boundaries

Welcome to this year’s Big Brave Blog Hullabaloo!!  This year, we’re exploring interconnectedness…. what it takes to build a tribe, to open ourselves to love, to dare to be vulnerable with one another, to give and receive, to forgive, to trust, to let go…  and let us not forget, to stand in our own sovereignty while being part of a greater community.  If this calls to you in some way and you’d like to join us, check out this year’s invitation, please do so HERE. The more, the merrier! 

In honor of the invisible thread that weaves us all together, I now pass the red thread onto my dear sweet sister friend, Brandie Sellers!

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Recently I went through Danielle LaPorte’s Desire Map book and workbook.  One of the things I uncovered about myself in the process of defining my core desired feelings is that spaciousness is the number one most important thing to me.  I did not exactly know that before, but I can see the outline of it in past frustrations if I look for it.

I am an only child. Well, technically I do have two half-brothers but they showed up when I was grown.  In the third grade I became a latch-key kid and quit going to after school care while my parents worked.  This translated to even more alone time to read or write or draw.   And it meant that I had my own room, so there was plenty of space that was just for me.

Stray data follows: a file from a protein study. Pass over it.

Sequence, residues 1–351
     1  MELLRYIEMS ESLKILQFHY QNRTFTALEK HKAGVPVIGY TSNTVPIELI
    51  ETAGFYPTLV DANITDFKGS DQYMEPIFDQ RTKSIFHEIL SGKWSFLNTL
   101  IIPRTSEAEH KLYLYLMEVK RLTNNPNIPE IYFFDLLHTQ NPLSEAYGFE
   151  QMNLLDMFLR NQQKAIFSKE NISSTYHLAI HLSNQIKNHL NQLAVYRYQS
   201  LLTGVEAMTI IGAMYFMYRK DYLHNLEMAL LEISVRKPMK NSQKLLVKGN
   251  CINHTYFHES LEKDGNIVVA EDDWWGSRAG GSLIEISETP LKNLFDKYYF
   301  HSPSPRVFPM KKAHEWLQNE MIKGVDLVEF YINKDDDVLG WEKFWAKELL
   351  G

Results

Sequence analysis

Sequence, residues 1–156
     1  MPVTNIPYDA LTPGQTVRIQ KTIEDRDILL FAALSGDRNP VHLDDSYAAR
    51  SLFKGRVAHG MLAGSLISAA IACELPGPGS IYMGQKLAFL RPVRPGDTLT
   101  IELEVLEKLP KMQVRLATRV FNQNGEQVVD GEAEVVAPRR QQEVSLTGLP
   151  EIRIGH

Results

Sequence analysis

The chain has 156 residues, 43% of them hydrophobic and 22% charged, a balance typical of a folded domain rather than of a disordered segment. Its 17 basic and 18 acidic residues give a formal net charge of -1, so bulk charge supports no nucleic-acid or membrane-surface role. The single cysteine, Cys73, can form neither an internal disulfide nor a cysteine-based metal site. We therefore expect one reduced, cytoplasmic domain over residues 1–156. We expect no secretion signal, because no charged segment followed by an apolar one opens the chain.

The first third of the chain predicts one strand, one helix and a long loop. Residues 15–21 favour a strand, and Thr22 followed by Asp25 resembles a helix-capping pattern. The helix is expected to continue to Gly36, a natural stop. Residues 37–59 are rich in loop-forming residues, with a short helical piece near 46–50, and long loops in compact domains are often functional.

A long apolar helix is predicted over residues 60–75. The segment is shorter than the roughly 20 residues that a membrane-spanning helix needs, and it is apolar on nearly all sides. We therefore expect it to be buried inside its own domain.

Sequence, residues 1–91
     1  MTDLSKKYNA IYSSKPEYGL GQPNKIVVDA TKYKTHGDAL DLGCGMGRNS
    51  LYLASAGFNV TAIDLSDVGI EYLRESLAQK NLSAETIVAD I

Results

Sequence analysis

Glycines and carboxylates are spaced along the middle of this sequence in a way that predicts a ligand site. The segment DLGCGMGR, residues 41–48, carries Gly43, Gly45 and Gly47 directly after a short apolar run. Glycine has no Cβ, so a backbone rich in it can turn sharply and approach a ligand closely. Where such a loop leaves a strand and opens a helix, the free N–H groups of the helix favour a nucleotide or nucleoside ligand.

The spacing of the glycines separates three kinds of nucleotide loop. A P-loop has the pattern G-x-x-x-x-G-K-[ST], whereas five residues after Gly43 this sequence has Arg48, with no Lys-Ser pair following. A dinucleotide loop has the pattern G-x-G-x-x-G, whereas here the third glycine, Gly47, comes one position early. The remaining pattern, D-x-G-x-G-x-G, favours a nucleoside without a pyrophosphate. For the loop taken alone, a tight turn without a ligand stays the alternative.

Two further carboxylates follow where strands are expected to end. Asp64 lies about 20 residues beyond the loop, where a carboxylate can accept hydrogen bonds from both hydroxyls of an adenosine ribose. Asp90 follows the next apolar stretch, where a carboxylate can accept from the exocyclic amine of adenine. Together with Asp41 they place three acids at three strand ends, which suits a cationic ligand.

While there was plenty of time for my hobbies and space for my stuff, I did not have spaciousness of speech.  I wrote voraciously, but I was not able to speak my mind verbally.  I had so much to say.  Each morning I would practice what I wanted to say to my mother in front of my mirror while I was getting ready for school.  It was always some variation of, “I know you love my step-dad, but I really don’t like him or want him around me.”  I would hold the hairdryer in my left hand, brush in the right hand and say the words quietly, under my breath, with the noise of the hair dryer to drown out the sound in case she or my step-dad came in to my room.  But I could never say my speech to her.

In fact, I can’t say anything to her because she takes all the space in the room.  Now that I look back with the wisdom of a few more years under my belt, I see how I felt like a kettle with the lid sealed on and my words boiling inside.  And I see how that one scenario, played out day-after-day, planted the need for spaciousness.